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Masters Degrees (World Cinema)

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Study the cinema phenomenon in its global context and explore the complex relationships between national film industries. This course enables you to build your critical and analytical understanding of production and marketing processes, as well as patterns of consumption in a continuously evolving cultural landscape. Read more
Study the cinema phenomenon in its global context and explore the complex relationships between national film industries.

This course enables you to build your critical and analytical understanding of production and marketing processes, as well as patterns of consumption in a continuously evolving cultural landscape.

You will study with experts in film analysis, looking at aesthetics and economics, the work of filmmakers around the world, and developing your understanding of the place of cinema in global media industry as a whole.

Intermediate qualifications available:

• Postgraduate certificate – 60 credits at Masters level
• Postgraduate diploma – 120 credits at Masters level

Visit the website: https://www.beds.ac.uk/howtoapply/courses/postgraduate/next-year/international-cinema#about

Course detail

• Study with experts in film analysis, and enjoy regular seminars, screenings, film festivals and guest speakers
• Explore areas of study including: cultural theories; European cinema; film analysis; representation and reality; post-colonial and ‘third’ cinema and world cinema and global media
• Develop your ability to communicate effectively in writing, through new technologies and in oral presentation; and to adapt to different cultural environments and conditions
• Gain a thorough grounding in media as a whole, with a clear picture of the place of cinema in the global media and related industries
• Benefit from a degree ideal if you are seeking a job in a cinema-related field such as programming, marketing or administration, wish to teach film studies or continue to an MPhil or PhD research degree.

Modules

• Research Methods
• Practical Post-Production and Digital Effects
• Film Analysis
• European Cinema Since 1945
• The Film Business: Current Issues and Debates
• World Cinema and Global Media Since 1975
• Project (A)
• Digital Film Project

Assessment

The units contain both formative and summative assessments, and it is during these units that you will learn the range of competences and knowledge necessary to succeed on the course.

For your project work you can undertake a traditional dissertation, a piece of practical video work, a portfolio of diverse practical work, or some combination of these.

The units utilise essays, special exercises, case studies, projects, dissertations and practical work for assessment as appropriate to the topic.

Careers

This course is ideal for students seeking a job in cinema-related fields in areas such as programming, marketing or administration. It provides an understanding of film in relation to global cultural industries.

It is also a valuable academic qualification for people teaching film studies at all levels.

Funding

For information on available funding, please follow the link: https://www.beds.ac.uk/howtoapply/money/scholarships/pg

How to apply

For information on how to apply, please follow the link: https://www.beds.ac.uk/howtoapply/course/applicationform

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The course is a unique opportunity to embark upon a detailed investigation into the intellectual currents and aesthetic concerns surrounding the study and practice of film. Read more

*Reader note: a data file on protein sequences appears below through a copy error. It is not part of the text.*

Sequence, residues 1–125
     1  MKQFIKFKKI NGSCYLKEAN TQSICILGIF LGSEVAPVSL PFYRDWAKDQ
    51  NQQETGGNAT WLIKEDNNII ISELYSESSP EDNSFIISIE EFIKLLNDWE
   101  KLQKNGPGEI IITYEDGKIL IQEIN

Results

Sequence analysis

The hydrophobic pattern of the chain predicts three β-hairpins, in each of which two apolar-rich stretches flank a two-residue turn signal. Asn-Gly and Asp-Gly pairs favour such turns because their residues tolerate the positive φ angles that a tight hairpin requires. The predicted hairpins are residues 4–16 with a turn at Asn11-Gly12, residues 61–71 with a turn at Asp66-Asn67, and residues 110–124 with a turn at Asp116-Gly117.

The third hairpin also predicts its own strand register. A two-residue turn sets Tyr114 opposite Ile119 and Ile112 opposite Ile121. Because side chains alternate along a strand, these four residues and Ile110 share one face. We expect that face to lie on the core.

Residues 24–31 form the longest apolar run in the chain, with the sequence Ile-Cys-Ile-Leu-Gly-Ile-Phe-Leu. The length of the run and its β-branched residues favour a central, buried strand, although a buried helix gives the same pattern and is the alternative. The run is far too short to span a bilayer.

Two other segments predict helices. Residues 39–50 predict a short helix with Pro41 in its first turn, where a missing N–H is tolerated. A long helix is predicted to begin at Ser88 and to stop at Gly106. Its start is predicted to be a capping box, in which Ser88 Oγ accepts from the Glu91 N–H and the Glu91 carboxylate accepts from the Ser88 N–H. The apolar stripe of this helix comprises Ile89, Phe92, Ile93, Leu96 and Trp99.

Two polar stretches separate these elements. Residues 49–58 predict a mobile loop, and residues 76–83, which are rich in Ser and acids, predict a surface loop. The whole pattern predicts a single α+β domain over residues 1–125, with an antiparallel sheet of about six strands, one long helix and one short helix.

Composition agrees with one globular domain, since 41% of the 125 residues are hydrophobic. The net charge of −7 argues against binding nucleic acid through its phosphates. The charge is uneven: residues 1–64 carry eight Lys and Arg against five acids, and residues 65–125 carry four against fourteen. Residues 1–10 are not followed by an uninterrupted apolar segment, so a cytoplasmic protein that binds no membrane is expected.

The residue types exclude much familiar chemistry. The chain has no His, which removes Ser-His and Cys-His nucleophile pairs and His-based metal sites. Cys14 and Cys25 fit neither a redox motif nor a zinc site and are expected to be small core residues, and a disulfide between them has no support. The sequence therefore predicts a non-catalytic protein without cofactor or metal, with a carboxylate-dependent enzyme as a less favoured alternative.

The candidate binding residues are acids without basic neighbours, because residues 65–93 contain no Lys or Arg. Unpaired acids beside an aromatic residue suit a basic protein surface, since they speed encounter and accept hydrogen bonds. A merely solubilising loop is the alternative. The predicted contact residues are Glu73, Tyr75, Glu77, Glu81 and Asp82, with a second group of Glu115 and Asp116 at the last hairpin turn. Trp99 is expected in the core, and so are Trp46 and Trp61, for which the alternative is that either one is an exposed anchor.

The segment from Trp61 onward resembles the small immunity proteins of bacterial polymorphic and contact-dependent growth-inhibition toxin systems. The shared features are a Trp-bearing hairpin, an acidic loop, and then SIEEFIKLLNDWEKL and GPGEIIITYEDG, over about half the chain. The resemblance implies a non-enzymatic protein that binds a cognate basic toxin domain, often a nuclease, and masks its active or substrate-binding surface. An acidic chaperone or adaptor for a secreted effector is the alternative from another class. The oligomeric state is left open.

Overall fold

The course is a unique opportunity to embark upon a detailed investigation into the intellectual currents and aesthetic concerns surrounding the study and practice of film. From the outset, questions of history, theory and context are brought to bear on issues of close analysis and interpretation. Elective modules in Screenwriting, Creative Documentary Practice and Editing allow students to balance film theory with practice. At every step of the way your progress will be informed by an emphasis on independent study and critical thinking. In addition, the course aims to develop the key transferable skills required for postgraduate study. These include dissertation preparation, time management and oral and written presentation.


The course consists of six taught modules and a Dissertation module that includes Research Methodologies.

Dissertation and Research Methodologies
This module prepares students for the formal processes of research and writing at M.Phil. level. Classes will cover library use, archival skills, electronic resources, use of Endnote, research skills, note taking, writing and oral presentation and power-point techniques. Students will write a dissertation of approximately 12,000-15,000 words on an approved topic to be supervised by an appropriate member of staff.

In addition, students choose six of the elective modules listed below:

Aesthetics of Digital Cinema
This course traces the history of the development of the digital image with specific reference to its application to filmmaking. We will look at the analogue origins of the digital image and discuss the aesthetic implications of the shift to digital film. Further we will discuss developing models of criticism and their application to the digital cinematic image. We will be drawing examples from Western (Hollywood, Danish, British) cinemas and non-Western (Iranian) cinemas as well as from other outputs, such as YouTube.

Cinema and Ireland

This course will explore the history of Irish cinema from the 1930s to the present. It will also cover such areas as state film production policies, film censorship, and the history of Irish film distribution and exhibition. In addition, it will trace how British and American cinemas have represented Ireland and the Irish, and it will examine representations of political violence, history, gender and the cinema of the Celtic Tiger years, as well as current trends in Irish film production.